Acclaimed Canadian artist Ho Tam interrogates the mediated construction of public persona, revealing diverse facets of the self through a selection of photo, video, artist books and magazines spanning his career. The exhibition deconstructs his recent book works displaying selected pages and images on the gallery walls connecting with earlier works. Installed organically the work exists as a free flowing collage. The works blend together to create a larger installation engaging the breadth of Tam’s artistic production.
RICHMOND ART GALLERY AT CANADA LINE
In partnership with Richmond Public Art and Capture Festival
This spring the art gallery partners with Capture Photography Festival, City of Richmond Public Art Program and InTransit BC to present a series of photo-based installations at the four Canada Line stations in Richmond (Bridgeport, Aberdeen, Lansdowne, and Brighouse).
Interrogating the context of #3 Road as a transit hub and main shopping thoroughfare, artists Marisa K. Holmes, Ho Tam, Karilynn Ming Ho and David Semeniuk are each producing site specific installations on display through April.
At Lansdowne Station, Ho Tam presents Barbershops; a series of four photographs of barbershops in Manhattan’s Chinatown. Inside this city within a city, hundreds of hair salons serve Chinese residents and visitors. Tam’s photographs capture these shops as key sites for community building, exchange and identity construction. Installed on No. 3 Road in Richmond, the work connects to the thriving Chinese diaspora in the area and the rapidly evolving commercial architecture of the site.
At the Canada line terminus, Waterfront Station in downtown Vancouver, RAG presents Ho Tam’s, Guys at the Fair. This playful series is a selection of seven portraits shot at the 2003 Canadian National Exhibition (CNE) in Toronto, where the artist approached men who had won stuffed animals from carnival game booths. Guys at the Fair interrogates the mediated construction of masculinity, revealing diverse facets of the self through endearing, humorous and at times awkward intimate portraits of men.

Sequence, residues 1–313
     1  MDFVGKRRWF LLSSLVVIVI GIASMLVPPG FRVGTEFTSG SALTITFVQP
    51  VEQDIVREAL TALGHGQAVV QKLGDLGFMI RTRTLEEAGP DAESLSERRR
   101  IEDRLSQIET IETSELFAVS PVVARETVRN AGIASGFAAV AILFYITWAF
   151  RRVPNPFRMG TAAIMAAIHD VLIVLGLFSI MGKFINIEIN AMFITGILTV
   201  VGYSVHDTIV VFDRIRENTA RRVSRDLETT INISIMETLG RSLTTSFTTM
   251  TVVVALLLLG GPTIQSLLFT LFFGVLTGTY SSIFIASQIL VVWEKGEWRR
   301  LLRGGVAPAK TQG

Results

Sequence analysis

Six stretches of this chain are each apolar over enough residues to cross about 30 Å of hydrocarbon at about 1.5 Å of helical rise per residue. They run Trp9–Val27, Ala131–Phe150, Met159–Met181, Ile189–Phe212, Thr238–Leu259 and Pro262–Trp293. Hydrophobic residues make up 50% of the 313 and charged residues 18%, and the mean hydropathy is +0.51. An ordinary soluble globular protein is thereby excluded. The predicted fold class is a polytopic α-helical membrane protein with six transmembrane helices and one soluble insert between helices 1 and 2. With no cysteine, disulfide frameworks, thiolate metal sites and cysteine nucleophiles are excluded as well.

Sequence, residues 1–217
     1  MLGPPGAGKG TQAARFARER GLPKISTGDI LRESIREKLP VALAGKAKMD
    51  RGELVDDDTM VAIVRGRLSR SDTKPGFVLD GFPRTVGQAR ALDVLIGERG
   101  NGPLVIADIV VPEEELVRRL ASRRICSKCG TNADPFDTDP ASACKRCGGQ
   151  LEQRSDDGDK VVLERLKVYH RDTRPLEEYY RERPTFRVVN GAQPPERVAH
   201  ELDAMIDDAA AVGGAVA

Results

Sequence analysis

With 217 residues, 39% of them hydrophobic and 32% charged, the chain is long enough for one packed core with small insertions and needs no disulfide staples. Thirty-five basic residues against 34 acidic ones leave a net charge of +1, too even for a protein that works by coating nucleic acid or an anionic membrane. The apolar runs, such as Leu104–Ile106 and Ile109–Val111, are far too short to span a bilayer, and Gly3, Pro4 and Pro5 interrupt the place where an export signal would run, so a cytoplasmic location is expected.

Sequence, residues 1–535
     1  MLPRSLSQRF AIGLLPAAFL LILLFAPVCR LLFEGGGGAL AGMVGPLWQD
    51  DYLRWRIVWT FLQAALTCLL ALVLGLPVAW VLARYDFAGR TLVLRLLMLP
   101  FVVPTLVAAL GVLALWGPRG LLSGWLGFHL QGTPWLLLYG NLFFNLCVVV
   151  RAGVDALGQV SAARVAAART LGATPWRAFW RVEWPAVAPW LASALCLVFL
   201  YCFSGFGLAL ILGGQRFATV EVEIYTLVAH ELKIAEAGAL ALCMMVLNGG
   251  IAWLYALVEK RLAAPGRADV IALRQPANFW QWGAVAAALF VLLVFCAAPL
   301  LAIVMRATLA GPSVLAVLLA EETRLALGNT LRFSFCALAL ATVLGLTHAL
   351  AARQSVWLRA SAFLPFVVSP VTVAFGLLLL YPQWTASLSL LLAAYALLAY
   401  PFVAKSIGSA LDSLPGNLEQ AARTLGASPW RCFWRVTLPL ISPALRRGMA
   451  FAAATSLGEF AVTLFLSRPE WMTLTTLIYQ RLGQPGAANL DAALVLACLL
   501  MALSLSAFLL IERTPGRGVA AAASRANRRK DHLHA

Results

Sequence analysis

Ho Tam was born in Hong Kong, educated in Canada and the U.S. and worked in advertising companies and community psychiatric facilities before turning to art. He practices in multiple disciplines including photography, video, painting and print media. His first video, The Yellow Pages, was commissioned by the public art group PUBLIC ACCESS for an installation/projection at the Union Station of Toronto in 1994/95. Since then Tam has produced over 15 experimental videos. He was included in the traveling exhibition Magnetic North: Canadian Experimental Video by Walker Art Center, Minnesota. His feature documentary film Books of James was awarded Outstanding Artistic Achievement (Outfest, LA) and Best Feature Documentary (Tel Aviv LGBT Film Festival). He also publishes several series of artist’s books and zines. Tam is an alumni of Whitney Museum Independent Studies Program, Bard College (MFA) and recipients of various fellowships and artist’s grants.